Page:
Motivation

Millennial motivation

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Recently, a financial website in the US stoked a debate about ideal savings goals for millennials. How much should the average millennial be able to save, it asked, and offered a solution. It said, a person should be able to save 1x their income by 30, and 2x their income by 35.

Let’s understand this better. It means that if your income is Rs 5 lakh at 30, you should have saved Rs 5 lakh by 30. And if your income at 35 is Rs 10 lakh, you should have saved Rs 20 lakh by that age.

There’s an excellent financial thinking behind this suggestion. If you save these amounts at their prescribed ages, you provide yourself a great platform for wealth creation for the rest of your life.

Seems impossible at first

As soon as this financial advice was posted online, social media outrage followed. The financial travails of the average American millennial are now well-documented. He’s saddled with college debt. His degree has little value. He may be required to hold multiple jobs, none of which may be high-paying. He’s unable to afford rent or buy real estate. He’s worse off than his parents or grandparents at a similar age. Hence, the response from American youth was equivocal: this financial advice is a cruel joke.

Indian youths may think no different about this goal. If you’re a 20-something Indian who’s just become financially independent and started living on his own, your discomfort with a money goal of this nature is understandable.

Rents in the city are high. There’s the fear of missing out, peer pressure and the need to enjoy the latest gadgets and to see the world. Where’s the money left for savings?

The possibilities

The goal to double one’s income by 35 is entirely possible to achieve. Indian millennials have it mildly better than their American counterparts. Their college education is cheaper in comparison and won’t leave them in debt till their 50s. Also, Indian millennials have families that support them financially – sometimes well into their 20s and 30s. This ensures they have a higher disposable income and, therefore, a higher propensity for savings.

The key to the 2x goal is to start saving young and be disciplined with your investments. There’s no better way to save than to save while young. Let’s understand this with an example. You’re 25 today, intend to retire at 60, and can invest Rs 2,000 every month. If you put this money every month in a mutual fund giving a return of 12 per cent per annum over 35 years, you’ll have a corpus of Rs 1.29 crore.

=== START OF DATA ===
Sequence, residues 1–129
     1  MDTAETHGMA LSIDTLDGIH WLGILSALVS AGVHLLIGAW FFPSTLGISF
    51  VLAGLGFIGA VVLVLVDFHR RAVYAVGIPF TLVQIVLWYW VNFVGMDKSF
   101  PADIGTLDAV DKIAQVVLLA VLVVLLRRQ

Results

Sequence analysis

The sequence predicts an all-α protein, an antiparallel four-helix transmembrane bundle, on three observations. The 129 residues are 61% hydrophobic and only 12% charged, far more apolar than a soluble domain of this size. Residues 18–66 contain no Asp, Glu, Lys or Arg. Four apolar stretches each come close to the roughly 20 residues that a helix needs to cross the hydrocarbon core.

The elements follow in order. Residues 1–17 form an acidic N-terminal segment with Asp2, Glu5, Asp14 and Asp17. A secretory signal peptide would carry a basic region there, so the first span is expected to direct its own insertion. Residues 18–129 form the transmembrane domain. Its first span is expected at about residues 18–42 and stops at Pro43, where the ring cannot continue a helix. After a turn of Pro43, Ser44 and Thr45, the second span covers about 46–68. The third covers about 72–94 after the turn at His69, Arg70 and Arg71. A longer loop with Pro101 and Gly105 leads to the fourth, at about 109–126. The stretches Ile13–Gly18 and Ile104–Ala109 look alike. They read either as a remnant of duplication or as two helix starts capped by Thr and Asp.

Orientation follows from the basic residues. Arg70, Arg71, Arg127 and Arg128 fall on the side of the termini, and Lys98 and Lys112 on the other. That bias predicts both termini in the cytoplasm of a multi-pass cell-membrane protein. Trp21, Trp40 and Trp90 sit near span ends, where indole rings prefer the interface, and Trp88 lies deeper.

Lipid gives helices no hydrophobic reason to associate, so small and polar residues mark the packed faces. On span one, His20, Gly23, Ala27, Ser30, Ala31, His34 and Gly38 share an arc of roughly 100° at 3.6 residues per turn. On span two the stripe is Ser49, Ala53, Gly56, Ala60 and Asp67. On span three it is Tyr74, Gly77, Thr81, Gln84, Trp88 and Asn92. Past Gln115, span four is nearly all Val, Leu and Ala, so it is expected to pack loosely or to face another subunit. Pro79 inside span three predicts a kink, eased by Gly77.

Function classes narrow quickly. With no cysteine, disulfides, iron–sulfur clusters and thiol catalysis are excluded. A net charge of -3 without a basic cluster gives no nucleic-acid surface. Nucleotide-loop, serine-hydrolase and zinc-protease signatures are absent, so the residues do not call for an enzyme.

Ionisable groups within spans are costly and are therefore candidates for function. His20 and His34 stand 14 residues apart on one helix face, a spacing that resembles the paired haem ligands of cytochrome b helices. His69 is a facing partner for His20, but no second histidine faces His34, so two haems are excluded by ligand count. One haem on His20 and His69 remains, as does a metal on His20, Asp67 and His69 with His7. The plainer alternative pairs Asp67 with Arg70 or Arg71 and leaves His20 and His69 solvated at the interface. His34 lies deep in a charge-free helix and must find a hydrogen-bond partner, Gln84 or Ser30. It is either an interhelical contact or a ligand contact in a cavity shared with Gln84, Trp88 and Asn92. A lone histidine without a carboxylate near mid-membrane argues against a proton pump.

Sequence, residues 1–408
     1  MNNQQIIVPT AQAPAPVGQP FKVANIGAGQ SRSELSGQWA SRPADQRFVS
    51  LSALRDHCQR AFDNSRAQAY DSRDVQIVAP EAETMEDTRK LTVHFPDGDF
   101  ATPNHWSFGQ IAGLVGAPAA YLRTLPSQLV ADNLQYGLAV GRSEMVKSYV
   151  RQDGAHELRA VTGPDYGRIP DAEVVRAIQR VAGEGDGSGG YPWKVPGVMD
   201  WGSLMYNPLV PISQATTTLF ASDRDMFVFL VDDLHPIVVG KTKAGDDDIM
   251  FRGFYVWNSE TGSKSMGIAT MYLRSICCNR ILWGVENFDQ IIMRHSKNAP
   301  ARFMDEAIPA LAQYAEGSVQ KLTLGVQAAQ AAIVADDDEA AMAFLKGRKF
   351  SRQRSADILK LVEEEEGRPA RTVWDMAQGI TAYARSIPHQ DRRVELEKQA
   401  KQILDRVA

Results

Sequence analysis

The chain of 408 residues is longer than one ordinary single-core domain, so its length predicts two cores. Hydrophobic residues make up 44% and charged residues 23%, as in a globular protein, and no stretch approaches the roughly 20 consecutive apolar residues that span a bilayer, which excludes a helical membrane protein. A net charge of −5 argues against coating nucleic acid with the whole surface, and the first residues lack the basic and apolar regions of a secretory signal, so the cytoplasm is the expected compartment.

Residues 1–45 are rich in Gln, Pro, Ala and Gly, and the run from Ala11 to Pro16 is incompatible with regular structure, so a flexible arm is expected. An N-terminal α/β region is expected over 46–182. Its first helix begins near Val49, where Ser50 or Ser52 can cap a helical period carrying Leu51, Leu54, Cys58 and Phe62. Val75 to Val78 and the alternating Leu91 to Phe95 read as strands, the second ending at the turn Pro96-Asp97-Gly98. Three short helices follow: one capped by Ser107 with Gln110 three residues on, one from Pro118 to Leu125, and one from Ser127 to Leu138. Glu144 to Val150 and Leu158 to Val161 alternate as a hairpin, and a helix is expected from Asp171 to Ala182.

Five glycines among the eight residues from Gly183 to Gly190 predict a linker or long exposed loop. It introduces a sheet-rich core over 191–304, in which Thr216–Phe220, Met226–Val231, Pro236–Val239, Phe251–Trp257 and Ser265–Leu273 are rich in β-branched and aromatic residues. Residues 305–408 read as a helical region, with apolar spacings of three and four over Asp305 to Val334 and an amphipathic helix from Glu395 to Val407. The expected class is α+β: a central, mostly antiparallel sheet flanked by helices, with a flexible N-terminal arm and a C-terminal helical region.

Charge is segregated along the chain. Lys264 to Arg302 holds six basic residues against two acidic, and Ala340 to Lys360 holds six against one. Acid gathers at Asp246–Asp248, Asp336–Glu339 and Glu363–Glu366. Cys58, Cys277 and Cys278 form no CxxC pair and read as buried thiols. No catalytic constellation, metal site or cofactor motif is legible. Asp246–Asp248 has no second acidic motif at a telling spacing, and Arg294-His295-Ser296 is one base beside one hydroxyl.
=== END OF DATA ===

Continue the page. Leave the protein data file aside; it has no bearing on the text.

However, you’ll need to invest higher amounts for the same goal if you’re late. If you start the same investment plan for Rs 1.29 crore at the age of 35, you’ll need to invest Rs 6,800 a month, or Rs 25,750 a month, if you start at 45. Therefore, start small, start young, and let the power of compounding make you rich in the long term.

The plan

The illustration shows how the power of compounding helps small monthly contributions become big over a long period of time.

So, let’s say you want to have a crack at the 2x challenge. We’ll assume you’re young: 22 years old, having just started out in your career. All you need to do is invest 15 per cent of your income. For the sake of calculation, we’ll assume that your annual income will grow 10 per cent each year, and that you’re earning 12 per cent per annum. Therefore, your savings also need to grow at 10 per cent.

The size of your actual income is irrelevant. You may be earning Rs 10,000 or Rs 100,000. All you need to do to hit the 2x target by 35 is to start saving 15 per cent of your income when you’re 22. How does just 15 per cent of your income become 200 per cent of your income in 13 years? Through the power of compounding.

Thirteen years, starting at the age of 22, is a long time. Therefore, you need to pick the correct instrument.

Financial planners suggest that you must invest in equity for long-term investment. This is because a sufficiently long investment tenure provides you plenty of time to recover from periodic market corrections or crashes.

For a novice equity investor, the smart thing to do will be to invest in an equity mutual fund. As an investment category, equity mutual funds have delivered 10-12 per cent returns over the last 10 years.

While there is no guarantee of returns in the future, there is the expectation that equity funds will outperform traditional options such as PPF.

The smart way to invest in an equity mutual fund is through a systematic investment plan wherein a fixed amount is deducted from your bank to be invested in the fund of your choice.

How it works out

If you start investing just 15 per cent of your income at the age of 22 and keep up with it for 13 years, you hit 1.4x your income at 30, and 2.42x your income by 35, thus comfortably exceeding both targets.

However, if you’re late, you’ll miss both the 1x and the 2x targets. Let’s say you’re late by five years and start the same investment plan at the age of 27. You’ll need to invest 25 per cent of your income to double your income by 35. If you start the same plan at 30, you may already be late: you’ll need to invest 35% of your income.

The lesson in the 2x challenge is clear. To be wealthy in the later stages of your life, you must start making small, monthly contributions to a long-term investment plan as soon as you become financially independent.

With discipline and the magic of compounding, you’ll be financially comfortable in your later years and would not need to set yourself steep investment targets.

The writer is CEO, BankBazaar.com

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